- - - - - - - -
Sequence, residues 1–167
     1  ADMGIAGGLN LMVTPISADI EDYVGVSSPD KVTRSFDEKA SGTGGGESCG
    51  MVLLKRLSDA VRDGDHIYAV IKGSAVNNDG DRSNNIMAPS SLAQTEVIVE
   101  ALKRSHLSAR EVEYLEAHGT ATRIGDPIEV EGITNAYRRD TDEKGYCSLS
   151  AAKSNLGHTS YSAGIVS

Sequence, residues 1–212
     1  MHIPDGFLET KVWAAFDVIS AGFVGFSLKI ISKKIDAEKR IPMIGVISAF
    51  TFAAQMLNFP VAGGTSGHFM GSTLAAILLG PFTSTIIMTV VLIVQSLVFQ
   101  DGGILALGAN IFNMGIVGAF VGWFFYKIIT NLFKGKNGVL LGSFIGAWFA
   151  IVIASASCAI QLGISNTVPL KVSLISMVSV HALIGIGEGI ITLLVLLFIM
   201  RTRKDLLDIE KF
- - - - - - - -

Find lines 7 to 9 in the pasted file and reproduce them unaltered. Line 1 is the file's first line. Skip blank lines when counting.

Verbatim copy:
     1  MHIPDGFLET KVWAAFDVIS AGFVGFSLKI ISKKIDAEKR IPMIGVISAF
    51  TFAAQMLNFP VAGGTSGHFM GSTLAAILLG PFTSTIIMTV VLIVQSLVFQ
   101  DGGILALGAN IFNMGIVGAF VGWFFYKIIT NLFKGKNGVL LGSFIGAWFA